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s/v Sand Dollar
May 3, 2007 - Provisioning
05/03/2007, Traitors Bay, Hiva Oa, Marquesas

There are a few stores in the near-by town of Atuona where I checked in with the Gendarme yesterday. I was able to buy eggs, some vegetables, apples, cheese and baguettes. The baguettes were cheap but everything else was extremely expensive. Fortunately, I am still well-provisioned with staples from Mexico. Not far from the anchorage there is a fresh water spigot and a petrol station with diesel. The only internet service I can find is at the post office and it is very slow, busy, and US$26/hour!

The check-in process went very well, mostly because I used the services of an agent who charged me US$360 (ouch!). The process involves customs clearance (everything onboard is "ship's stores"), visa extension from the normal 30 days to 90 days, and bond exemption which means the agent guarantees that I will leave the country within 90 days. They are very sensitive to foreigners out-staying their welcome. Now I can go to the Tuamotus without worrying about being in Papeete, Tahiti within 30 days to renew my visa.

There is no good reason to stay here beyond the time it takes to buy supplies and check in with the Gendarme. The bay is not extremely attractive and it is noisy. Tomorrow I will leave for the neighboring Island of Tahuata where there is reported to be an excellent anchorage offering very good snorkeling with 100 ft visibility. We will see.

May 2, 2007 Hiva Oa
05/02/2007, Hiva Oa, Marquesas

The 8 hour passage from Fatu Hiva to Hiva Oa was uneventful except for the landing of a 30 lb mahi mahi caught on a handline. Ninety percent of the fish was given to other cruisers in the anchorage and some local people who came by to give me some grapefruit. My friends on "Bold Spirit" from Seattle, also anchored in the bay, had me over for dinner. This is one of the main benefits of sharing the catch. Today I go to the gendarmarie to check in with the authorities.

Day Sail to Hiva Oa
05/01/2007, 17 miles southeast of Hiva Oa, Marquesas

Sand Dollar weighed anchor at 4:45 AM for the 45 mile trip to the next island, Hiva Oa. The Dutch boat departed shortly before I did. I expect to arrive sometime after 1 PM. Today is Labor Day so all government services are closed and I will have to clear in tomorrow.

All is well but I am anxious to find an internet cafe.

R and R on Monday April 30
04/30/2007, Bay of Virgins, Fatu Hiva, Marquesas

One more day of rest before continuing on to Hiva Oa. Most of the small repair projects are completed and the boat is almost shipshape. I am hoping for a good rainstorm in order to fill the water tanks and do some laundry. Each day a few boats leave and a few more arrive so there are always new people to meet.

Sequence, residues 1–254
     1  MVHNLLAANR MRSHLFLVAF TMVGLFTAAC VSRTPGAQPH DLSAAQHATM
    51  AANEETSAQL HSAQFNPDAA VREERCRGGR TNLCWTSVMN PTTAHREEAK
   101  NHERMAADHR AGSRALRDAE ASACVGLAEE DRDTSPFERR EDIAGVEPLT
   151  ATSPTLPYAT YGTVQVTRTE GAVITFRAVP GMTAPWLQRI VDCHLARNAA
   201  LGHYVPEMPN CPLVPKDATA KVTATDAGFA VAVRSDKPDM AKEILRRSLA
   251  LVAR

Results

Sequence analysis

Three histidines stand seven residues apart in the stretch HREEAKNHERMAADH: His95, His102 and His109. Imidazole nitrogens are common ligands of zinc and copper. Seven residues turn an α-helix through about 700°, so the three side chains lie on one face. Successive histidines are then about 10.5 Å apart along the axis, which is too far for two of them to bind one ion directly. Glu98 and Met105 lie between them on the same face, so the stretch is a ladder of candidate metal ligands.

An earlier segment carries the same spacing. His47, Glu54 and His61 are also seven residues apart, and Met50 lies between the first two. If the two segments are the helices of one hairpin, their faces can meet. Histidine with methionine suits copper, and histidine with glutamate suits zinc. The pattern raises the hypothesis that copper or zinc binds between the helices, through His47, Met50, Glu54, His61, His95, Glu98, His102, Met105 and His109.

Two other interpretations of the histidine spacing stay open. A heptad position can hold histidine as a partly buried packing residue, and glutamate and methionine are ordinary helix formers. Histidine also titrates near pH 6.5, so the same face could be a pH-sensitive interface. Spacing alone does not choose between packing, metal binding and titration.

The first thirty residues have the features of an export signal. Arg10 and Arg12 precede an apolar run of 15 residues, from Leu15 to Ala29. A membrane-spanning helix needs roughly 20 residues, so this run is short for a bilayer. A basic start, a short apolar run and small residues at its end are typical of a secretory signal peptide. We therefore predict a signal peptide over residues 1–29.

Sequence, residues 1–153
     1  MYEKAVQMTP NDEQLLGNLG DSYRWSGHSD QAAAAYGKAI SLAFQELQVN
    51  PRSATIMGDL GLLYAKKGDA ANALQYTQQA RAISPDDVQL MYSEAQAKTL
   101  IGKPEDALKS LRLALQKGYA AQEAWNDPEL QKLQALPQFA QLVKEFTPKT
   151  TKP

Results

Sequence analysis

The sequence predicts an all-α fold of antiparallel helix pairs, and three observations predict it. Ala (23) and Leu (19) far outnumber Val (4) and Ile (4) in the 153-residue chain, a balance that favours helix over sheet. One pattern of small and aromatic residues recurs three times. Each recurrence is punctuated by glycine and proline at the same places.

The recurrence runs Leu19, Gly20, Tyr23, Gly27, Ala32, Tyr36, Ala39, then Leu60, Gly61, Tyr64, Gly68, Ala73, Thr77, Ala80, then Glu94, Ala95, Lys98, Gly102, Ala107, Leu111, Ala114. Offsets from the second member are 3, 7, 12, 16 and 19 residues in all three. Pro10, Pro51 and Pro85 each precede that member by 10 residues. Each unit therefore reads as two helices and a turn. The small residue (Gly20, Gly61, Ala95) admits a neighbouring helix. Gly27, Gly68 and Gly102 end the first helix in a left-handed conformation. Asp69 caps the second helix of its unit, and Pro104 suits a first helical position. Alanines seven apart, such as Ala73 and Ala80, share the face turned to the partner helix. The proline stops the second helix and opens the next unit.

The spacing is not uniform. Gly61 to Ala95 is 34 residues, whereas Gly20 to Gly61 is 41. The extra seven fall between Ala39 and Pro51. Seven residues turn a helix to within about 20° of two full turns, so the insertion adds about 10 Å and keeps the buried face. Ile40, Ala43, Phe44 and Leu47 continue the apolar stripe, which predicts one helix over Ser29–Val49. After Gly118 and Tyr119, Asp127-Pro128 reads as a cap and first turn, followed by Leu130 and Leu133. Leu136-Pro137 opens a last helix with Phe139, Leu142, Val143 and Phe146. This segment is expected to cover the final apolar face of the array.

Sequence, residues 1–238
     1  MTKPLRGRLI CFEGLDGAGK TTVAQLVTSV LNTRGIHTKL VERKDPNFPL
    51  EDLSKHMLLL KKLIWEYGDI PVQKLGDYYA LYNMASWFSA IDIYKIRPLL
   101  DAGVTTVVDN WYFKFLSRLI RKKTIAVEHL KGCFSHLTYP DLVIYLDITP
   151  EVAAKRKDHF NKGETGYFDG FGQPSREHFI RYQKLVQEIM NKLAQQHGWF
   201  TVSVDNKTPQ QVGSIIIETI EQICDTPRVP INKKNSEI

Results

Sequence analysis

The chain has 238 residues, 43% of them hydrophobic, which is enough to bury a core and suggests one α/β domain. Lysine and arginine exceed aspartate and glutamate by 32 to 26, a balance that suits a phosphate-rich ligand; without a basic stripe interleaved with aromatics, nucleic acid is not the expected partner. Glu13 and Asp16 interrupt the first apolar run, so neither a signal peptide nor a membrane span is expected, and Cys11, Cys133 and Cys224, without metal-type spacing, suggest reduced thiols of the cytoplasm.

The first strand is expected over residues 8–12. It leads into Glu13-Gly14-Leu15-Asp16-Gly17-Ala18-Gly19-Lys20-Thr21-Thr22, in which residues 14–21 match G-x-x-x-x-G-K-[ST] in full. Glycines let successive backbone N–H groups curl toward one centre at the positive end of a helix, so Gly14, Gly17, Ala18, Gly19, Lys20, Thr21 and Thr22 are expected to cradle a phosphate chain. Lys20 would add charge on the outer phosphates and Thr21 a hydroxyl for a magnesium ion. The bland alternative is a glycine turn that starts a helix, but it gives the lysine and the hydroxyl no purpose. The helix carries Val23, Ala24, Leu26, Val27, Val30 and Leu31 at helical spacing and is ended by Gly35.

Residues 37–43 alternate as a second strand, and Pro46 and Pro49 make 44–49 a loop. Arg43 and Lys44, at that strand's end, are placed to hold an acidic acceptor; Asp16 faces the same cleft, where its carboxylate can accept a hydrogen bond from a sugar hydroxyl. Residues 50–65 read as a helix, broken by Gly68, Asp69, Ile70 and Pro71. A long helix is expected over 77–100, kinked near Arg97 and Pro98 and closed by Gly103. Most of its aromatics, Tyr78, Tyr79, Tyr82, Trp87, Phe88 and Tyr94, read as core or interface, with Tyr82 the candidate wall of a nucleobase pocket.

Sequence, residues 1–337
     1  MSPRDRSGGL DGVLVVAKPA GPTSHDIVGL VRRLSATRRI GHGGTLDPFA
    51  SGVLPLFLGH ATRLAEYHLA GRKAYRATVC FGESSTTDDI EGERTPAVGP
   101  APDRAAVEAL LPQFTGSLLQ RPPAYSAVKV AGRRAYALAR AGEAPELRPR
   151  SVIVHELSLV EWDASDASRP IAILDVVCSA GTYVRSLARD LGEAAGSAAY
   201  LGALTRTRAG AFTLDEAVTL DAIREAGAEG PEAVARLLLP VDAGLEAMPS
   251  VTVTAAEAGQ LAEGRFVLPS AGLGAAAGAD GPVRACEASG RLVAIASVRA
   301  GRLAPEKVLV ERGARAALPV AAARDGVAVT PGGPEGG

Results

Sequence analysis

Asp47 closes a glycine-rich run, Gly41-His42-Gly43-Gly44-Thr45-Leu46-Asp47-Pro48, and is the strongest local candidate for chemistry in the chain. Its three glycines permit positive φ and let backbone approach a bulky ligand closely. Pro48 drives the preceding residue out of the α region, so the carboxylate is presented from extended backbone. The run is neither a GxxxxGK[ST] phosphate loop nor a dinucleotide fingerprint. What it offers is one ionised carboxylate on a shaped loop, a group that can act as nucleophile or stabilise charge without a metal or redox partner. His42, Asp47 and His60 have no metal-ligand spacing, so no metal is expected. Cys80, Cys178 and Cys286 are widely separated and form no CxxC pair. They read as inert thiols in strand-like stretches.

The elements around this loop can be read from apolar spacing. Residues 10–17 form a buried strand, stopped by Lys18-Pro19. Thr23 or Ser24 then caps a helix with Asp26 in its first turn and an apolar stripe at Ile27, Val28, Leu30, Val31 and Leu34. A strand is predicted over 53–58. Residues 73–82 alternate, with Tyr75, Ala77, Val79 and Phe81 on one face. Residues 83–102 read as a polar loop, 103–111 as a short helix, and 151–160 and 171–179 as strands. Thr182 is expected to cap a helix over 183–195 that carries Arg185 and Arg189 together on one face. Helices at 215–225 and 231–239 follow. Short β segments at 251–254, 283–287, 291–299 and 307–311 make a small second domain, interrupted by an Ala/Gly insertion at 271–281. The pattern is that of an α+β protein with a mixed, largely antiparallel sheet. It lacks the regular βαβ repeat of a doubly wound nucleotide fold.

First Day Ashore
04/28/2007, Bay of Virgins, Fatu Hiva, Marquesas

Remarkably, I had no burning desire to go ashore and was quite content to remain on the boat resting, reading, and catching up on odd jobs and minor repairs. When most of that was finished, though, I blew up the kayak and ventured ashore where I soon met the crew of half a dozen other boats, all European and out of the Galapagos. Their route comes from a bit farther south than mine so this island is the first encountered and they all stop here. Most of the American boats make landfall at Hiva Oa, a day's sail the the northwest.

The village of Hanavave is situated in a breathtaking ravine with vertical volcanic rock formations rising 1000 ft. and covered with vegetation. There are maybe 100 people living in the village in small, simple prefab housing and they have all have gardens with fruit trees but no vegetables which they do not seem to eat. I met up with four crew from a Dutch boat and had a Polynesian dinner at one of these homes. There are no restaurants here so some of the enterprising locals cook meals for the cruisers who inundate the town for two months each year. We had goat meat cooked in coco milk, tuna marinated in lime juice, garlic and goat's milk, several preparations of bananas, and grapefruit. It was all very good, especially considering what my options were onboard.

Sunday morning I will go to 8 AM Mass at the little church and then watch some soccer games in the village. In the evening, the locals are putting on a goat cookout for the cruisers. Should be interesting. Wish I spoke a little more French.

Day 24 - Landfall!
04/27/2007, 2790 miles southwest of Cabo San Lucas at Bay of Virgins Fatu Hiva, Marquesas

Sand Dollar dropped her anchor in the Bay of Virgins at Fatu Hiva, Iles Marquesas, French Polynesia at 9:30 AM local time. What a fantastic trip! I am thrilled to be here and happy that the passage went so well. There were no gear failures, accidents, or difficult times. The weather was more or less as expected but the passage time was better than predicted. May all my passages go so well.

Land was sighted just after sunrise 24 miles off and what a sight it was. The wind had been blowing 20-25 knots most of the night and I was tired and anxious to drop the hook and get some sleep. The Bay of Virgins is well protected from the swell but the wind howls down from the steep valley above. The landscape is precipitous and the vegetation lush as you might expect of a tropical volcanic island. There are 17 other boats in the crowded anchorage, mostly Europeans who have come by way of the Panama Canal and the Galapagos. My mileage for the final day was 104 for an average speed of 4.3 knots. The trip total was 2790 miles at an average speed of 5.0 kts. in 23 days.

I will rest today, drink a few beers and go ashore tomorrow. There are some interesting hikes to stretch my legs and I am told there is a French bakery and some fresh fruit.

Life is good!

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Sand Dollar
Who: Don Pratten
Port: Beaux Arts, WA
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